10 Tips for Pet Emergency Room Visits
Taking your pet to the emergency room can be a very scary process, but here are some tips that can help make it less stressful for you and your furry friend.
- Be patient and expect a wait. Similar to human emergency rooms, a wait is to be expected, and calling ahead to see if the ER is busy isn’t reliable. Wait times can quickly change, especially based on the amount of critical patients staff is attending to, so it’s best to come prepared for at least a 1.5 to 2-hour visit. Always bring material to read or work on while waiting, and supplies to entertain children if necessary. Be sure to ask the receptionist how long the anticipated wait is, so that you can get an idea of the duration of your visit.
- Be honest. If your pet ate something potentially hazardous, hospital staff needs to know. It’s perfectly normal for dogs and cats to eat random items, and medical staff can sympathize. It is in your pet’s best interest for staff to know exactly what they got into, as this can direct treatment immediately and not waste time on guessing and speculation. Even if it happens to be an illegal substance, it’s always best to disclose all known information.
- Be prepared. Bring pertinent medical information with you. The hospital does not have access to your primary veterinarian’s records. If you have paperwork from recent blood work, radiographs, or medications, it can be extremely helpful.
- Anticipate costs. Emergency veterinary care tends to be expensive for a number of reasons. First and foremost are overhead costs, since hospitals are always open, and have to be fully operational for the busiest and slowest days. Staff members are also highly trained to help with any pet emergency, and that level of expertise comes at a high price. Luckily, all emergency clinics will tell you how much an office visit costs if you call in advance. This includes being triaged by a veterinary technician or nurse, physical exam by a veterinarian, and a discussion of suspected illness, diagnostic, and treatment options. Ask for an estimate of costs before agreeing to any diagnostic treatments. Be open with the veterinarian if you have financial constraints, and they will modify options and treatment based on your budget. There are also financial options that can help during ER visits, such as care credit or scratch pay. However, most ER clinics will not bill for treatment or procedures, but it’s best to ask, since this differs from clinic to clinic.
- Call Ahead! If your pet is very sick, always call ahead. Let staff know that your pet got hit by a car (for example), so that they can be on the lookout and prepared to treat a wounded animal. If you can’t get your pet out of the car or need help carrying them into the clinic, call to ensure that a gurney is waiting for your arrival.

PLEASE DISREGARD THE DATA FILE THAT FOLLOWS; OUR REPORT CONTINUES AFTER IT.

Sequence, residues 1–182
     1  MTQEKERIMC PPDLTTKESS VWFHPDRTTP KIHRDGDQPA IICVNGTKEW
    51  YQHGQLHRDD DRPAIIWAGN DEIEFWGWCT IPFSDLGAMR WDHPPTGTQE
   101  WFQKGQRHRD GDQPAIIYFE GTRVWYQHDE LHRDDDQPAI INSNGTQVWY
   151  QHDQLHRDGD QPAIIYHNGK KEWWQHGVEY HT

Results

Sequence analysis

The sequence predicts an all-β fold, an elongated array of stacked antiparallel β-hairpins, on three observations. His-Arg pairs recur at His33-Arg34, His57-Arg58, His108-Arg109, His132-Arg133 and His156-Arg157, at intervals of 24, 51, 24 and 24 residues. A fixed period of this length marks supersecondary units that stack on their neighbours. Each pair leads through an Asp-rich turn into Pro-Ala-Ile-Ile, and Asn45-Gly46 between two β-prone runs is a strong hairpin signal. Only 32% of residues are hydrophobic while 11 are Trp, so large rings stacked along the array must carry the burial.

- Be safe. Always put collars and leashes on dogs and put cats and small dogs in carriers before ER visits. Waiting rooms are often full of other animals and can be quite chaotic. Having a dog or cat escape in the waiting room or in transport to the hospital is a big risk and should be avoided at all costs.
- Be respectful! Hospital visits are extremely stressful and people can lose their tempers. Yelling at or threatening veterinarians and care staff is inappropriate and may negatively affect your pet’s ability to be treated. Screaming and yelling at a doctor treating a child would be in poor taste. Please show the same respect to the medical professionals at a veterinary hospital.
- Get pet insurance. One of the major reasons to get pet insurance is the financial peace of mind it provides during an ER visit. When shopping for plans, make sure that you have answers to the following questions before selecting a policy:
- Is there a limit/maximum dollar amount on the policy?
- Do you pay for each claim up front and get reimbursed or does your insurance company pay the hospital directly?
- Is pre-approval needed?
- Be proactive. If your pet has been sick for an extended period of time (all day or multiple days), do not wait until their condition gets worse before seeking care. The sicker they are, the more intensive the treatment option and, in some cases, their illnesses may be irreversible due to delaying treatment. A good rule of thumb is to treat your pet like you would a human child, seeking ER or urgent care if they are vomiting and/or not drinking and eating for days.
- Make sure your pet’s condition is urgent. Only go to the emergency room for illnesses that are truly emergencies. If your pet has had a lump for the past couple of months, but today you decide to get it checked out, this is not an emergency and unfortunately can slow down the process of treating other ailing patients. This is a case that should be seen by your veterinarian during daytime hours. Emergency room staff members are not general practitioners that work late hours, but highly-trained emergency veterinarians, working to save lives.